Disarmament Shouldn’t be a Precondition for Negotiations with North Korea

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(Image: Robin Atzeni / Shutterstock)

“We have to acknowledge that North Korea isn’t going to give up its nuclear capability as a precondition for negotiations,” foreign policy expert John Feffer said on Intercepted, “Why on Earth would they?”

North Korea’s nuclear ambition is best contextualized in history. Following the separation of the Koreas, both countries adopted different political-economic systems.

South Korea became more deeply embedded into the global economy and North Korea turned inward—a dichotomy that set the two countries off onto wildly divergent economic outcomes.

“It’s really exaggerated or aggravated by the collapse of communism,” Feffer said. When cheaply-supplied oil from the Soviet Union stopped entering North Korea, its agricultural and industrial capacity collapsed.

By 1995, a series of natural disasters set off a multi-year period of famine the country has yet to recover from.

“It was necessary for North Korea to find some other fuel source,” Feffer says, tying its nuclear ambition to its oil crisis. “But there was a military component as well.”

Not only was the South Korean economy flourishing in this time period, but its military capability was bolstered by American technological aid.

“North Korea fell behind rather rapidly. To level the playing field,” Feffer said, nuclear capability was seen as a cheap way of “coming up to speed.”

It also provided deterrence against “any possible U.S. intervention—either bombing or actual physical intervention into the country.”

“If they had not developed nuclear weapons. North Korea probably would not exist today.”

In contemporary diplomatic relations, Feffer argued, “We have to come up with different kinds of security guarantees in the process of negotiating with North Korea. We also have to acknowledge  that they’re not going to give away nuclear capability after a week of negotiations.”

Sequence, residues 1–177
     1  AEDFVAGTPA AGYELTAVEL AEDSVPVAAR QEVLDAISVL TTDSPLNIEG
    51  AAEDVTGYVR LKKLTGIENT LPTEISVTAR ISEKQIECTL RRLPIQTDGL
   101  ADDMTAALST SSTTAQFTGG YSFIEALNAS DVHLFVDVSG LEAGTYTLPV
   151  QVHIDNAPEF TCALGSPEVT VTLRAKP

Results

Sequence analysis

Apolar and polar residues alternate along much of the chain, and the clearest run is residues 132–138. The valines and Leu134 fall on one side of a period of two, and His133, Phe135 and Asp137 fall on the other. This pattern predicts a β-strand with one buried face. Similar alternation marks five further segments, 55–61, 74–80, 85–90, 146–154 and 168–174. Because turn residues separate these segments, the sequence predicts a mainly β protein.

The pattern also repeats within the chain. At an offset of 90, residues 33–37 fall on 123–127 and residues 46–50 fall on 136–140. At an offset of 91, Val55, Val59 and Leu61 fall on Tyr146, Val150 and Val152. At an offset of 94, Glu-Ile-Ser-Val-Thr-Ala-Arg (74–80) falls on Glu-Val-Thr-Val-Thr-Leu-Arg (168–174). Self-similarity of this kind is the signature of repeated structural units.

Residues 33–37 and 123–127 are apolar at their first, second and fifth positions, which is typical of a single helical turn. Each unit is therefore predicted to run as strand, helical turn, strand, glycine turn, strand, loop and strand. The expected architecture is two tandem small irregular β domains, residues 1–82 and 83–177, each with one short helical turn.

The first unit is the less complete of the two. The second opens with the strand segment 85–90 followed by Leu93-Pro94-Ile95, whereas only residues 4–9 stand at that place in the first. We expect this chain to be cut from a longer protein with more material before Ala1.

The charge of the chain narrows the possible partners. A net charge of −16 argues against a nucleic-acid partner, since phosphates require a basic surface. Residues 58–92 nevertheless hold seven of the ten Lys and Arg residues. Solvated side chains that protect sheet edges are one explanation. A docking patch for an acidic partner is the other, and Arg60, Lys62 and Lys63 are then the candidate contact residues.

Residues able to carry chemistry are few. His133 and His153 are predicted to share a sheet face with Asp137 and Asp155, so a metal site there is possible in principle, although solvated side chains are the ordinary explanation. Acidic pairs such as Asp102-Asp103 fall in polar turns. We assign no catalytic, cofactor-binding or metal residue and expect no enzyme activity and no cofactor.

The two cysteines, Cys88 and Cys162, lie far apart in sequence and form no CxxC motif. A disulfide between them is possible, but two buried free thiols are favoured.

“It’s going to take a while for this trust-building exercise to have any kind of impact,” Feffer said.

Listen to the full interview on Intercepted.

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Oxfam reaction to UN announcement on the enforcement of a security zone and call for disarmament in Goma and Sake

In reaction to the UN’s peacekeeping mission (MONUSCO’s) announcement on the enforcement of a security zone and call for disarmament in Goma and Sake, Oxfam’s humanitarian program coordinator in DRC, Tariq Riebl said;

“Oxfam urges the UN Peacekeeping force to proceed with the utmost caution as it enforces their call for disarmament and to ensure that civilians are adequately protected from any ensuing violence. The removal of so many arms that have been used to terrorize civilians in the area should help reduce the appalling levels of human suffering but the UN must ensure that its operations do not make a bad situation much worse.”

“The humanitarian repercussions from the escalation in conflict have already been devastating for the civilian population with tens of thousands fleeing to safety internally and across the border into Uganda.”

“The Goma-Sake area that will be the focus of the UN international brigade is packed with tens of thousands of displaced Congolese. Civilians have gone through hell and back again over the last year and are desperate for peace and stability. The MONUSCO brigade must give guarantees that those civilians stuck in the middle of this crisis will be protected. Congolese men and women have suffered enough through the years, we call on all parties to make the protection of the local population their top priority.”

ENDS

Editors notes

** Oxfam is one of the biggest agencies in North Kivu province. In Goma, we are working in 3 main camps: Bulengo, Lac Vert and Mugunga III providing cash distributions and a community services program for displaced persons.

** In the past two weeks fighting has renewed between the M23 rebels and FARDC a few kilometers outside of Goma causing displacement. Additionally, civilians have been forced to flee en masse from Kamango across the border into western Uganda following reported violence by the ADF. Oxfam is now providing water, sanitation and hygiene facilities to thousands of refugees in Bubukwanga transit camp.

** The United Nations Security Concern Resolution (2098) adopted on the 28th March 2013 authorized the establishment of an Intervention Brigade (IB) within MONUSCO to “carry out targeted offensive operations… either unilaterally or jointly with the FARDC to prevent the expansion of all armed groups, neutralize these groups, and to disarm them in order to contribute to the objective of reducing the threat posed by armed groups on state authority and civilian security in eastern DRC and to make space for stabilization activities.”

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